Hacking Firefox Mobile, Not The Good Kind Of Hacking

Hi again. Remember my first post to Planet Mozilla? I hope not. Sorry for the male enhancement pills spam. Please stop contacting me for orders.
I am in Toronto right now, spending a week with Mobile folks. It has been about 6 weeks since I started working on a mobile extension, and the list of dirty tricks we employing to get things done is growing. Some of these hacks are there because there is no alternative, and some are there because I just didn’t figure out the right way to do it.
Here is a short list:

I reinvented them, poorly. Our extension relies heavily on the ability to support a rich set of multi touch gestures. We have a hack, similar to how it was done in Touching is Good (I know!), where we swap out the callbacks in MouseModule and GestureModule for our own. This doesn’t seem right, for a few reasons. The main one being that this doesn’t seem like a real public API, and it will be broken sooner or later. The second thing is the fact that we are relying on shaky JS to re-interpret the platform-interpreted events. So maybe there is a better way to do things. The nsIDOMSimpleGestureEvent only serves us to a limited degree, I  think there is room for a more low-level multi touch event API that is similar to the Android one. Or maybe a comprehensive high level API with more event types.
This should probably be implemented natively and have multi-platform support. Right now, in Android, we are doing Javascript <-> js-types <-> jni <-> Java. What could go wrong?! But seriously, it is kind of ugly right now, but I would like to make our JS solution prettier and useful to other extension writers who want to tap in to Android’s API and services.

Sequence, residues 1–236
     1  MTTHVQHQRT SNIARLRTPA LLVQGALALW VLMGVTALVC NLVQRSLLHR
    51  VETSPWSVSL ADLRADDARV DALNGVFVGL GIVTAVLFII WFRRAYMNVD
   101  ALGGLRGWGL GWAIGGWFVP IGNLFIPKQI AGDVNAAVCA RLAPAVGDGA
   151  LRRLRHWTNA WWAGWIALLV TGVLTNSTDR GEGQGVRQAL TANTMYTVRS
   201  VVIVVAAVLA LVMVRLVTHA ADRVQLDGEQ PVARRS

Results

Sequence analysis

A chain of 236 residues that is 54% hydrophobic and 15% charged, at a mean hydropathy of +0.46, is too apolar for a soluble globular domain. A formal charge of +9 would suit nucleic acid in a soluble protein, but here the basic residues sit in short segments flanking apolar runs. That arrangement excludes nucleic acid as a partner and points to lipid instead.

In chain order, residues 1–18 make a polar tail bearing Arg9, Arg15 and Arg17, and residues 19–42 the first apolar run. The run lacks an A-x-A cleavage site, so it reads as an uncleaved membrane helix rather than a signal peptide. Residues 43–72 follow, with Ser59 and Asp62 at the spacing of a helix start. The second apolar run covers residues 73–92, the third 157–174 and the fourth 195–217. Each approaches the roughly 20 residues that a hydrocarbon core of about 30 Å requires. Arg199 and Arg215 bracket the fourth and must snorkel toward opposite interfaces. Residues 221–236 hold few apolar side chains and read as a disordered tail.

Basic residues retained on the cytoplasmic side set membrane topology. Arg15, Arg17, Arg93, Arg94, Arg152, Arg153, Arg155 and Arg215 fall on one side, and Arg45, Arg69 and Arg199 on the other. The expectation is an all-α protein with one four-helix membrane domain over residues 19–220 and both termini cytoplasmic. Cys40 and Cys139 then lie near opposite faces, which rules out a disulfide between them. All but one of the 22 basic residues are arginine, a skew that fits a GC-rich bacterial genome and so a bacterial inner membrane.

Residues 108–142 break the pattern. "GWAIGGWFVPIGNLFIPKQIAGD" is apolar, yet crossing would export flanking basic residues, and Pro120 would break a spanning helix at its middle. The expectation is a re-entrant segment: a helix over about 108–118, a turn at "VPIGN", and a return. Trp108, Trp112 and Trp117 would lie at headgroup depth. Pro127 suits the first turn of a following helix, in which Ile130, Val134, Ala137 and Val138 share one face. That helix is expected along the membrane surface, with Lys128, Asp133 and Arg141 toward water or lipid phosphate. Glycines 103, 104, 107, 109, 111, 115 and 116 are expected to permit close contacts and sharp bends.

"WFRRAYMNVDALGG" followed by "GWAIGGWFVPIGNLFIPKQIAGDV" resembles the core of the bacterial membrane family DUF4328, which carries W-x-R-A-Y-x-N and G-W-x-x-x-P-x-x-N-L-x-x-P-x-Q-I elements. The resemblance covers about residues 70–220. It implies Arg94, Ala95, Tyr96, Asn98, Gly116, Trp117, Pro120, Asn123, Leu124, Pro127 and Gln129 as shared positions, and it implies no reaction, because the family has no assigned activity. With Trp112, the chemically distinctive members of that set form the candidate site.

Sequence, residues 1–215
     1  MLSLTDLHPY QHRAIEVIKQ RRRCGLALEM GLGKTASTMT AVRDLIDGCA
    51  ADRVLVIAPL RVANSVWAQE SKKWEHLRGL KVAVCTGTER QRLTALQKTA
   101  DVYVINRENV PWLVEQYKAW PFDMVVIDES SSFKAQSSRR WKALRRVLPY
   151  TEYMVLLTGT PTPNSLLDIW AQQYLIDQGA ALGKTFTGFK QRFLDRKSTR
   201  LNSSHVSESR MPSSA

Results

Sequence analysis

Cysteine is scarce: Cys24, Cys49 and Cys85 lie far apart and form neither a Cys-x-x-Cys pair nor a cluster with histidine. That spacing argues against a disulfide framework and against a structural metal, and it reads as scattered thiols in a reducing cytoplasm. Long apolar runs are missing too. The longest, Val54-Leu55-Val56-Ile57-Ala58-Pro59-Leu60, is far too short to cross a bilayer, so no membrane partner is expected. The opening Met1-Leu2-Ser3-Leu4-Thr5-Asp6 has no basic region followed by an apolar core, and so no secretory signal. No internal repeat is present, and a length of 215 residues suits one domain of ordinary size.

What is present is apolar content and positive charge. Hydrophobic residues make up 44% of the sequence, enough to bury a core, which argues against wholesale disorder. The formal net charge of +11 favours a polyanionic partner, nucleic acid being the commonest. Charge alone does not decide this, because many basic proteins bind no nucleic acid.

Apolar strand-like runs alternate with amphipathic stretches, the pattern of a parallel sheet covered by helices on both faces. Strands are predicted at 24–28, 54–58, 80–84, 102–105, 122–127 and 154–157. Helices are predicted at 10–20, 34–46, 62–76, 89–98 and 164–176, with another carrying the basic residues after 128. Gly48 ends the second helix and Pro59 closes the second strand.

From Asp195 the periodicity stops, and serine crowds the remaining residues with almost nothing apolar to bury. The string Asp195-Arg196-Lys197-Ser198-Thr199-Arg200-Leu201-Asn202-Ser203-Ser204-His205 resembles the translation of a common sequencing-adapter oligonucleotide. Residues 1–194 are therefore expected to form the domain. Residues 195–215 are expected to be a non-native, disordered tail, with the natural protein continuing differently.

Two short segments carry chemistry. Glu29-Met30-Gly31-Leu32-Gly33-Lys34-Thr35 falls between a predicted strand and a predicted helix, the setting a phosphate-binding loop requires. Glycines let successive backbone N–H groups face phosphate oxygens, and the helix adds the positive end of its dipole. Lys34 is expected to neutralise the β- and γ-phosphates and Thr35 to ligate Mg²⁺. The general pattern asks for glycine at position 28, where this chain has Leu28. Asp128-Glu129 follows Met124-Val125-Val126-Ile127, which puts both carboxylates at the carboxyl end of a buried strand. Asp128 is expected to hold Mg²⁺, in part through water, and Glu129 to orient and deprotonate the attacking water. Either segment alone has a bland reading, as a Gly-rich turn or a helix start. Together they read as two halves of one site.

The Mozilla profile directory in Android is not world-readable, presumably for good reasons. Our extension’s media files need to be world-readable so that Android’s TextToSpeech service could pick them up and use them as earcons. This requires an install and uninstall hook that uses Android’s Context.getDir to get/create a subdirectory in Firefox’s top-level app directory where we could copy over those media files for system consumption. Maybe this is the best way to do it… But I can’t imagine anyone being happy about an extension writing to that directory. Sorry!
Our extension depends on accessibility being enabled at build time. Since I am getting some face time with folks this week, it seems like a good thing to bring up.

I am sure there are other horrible horrible hacks in there. But the list above is really what I needed to confess to. Thanks for empathetic attention.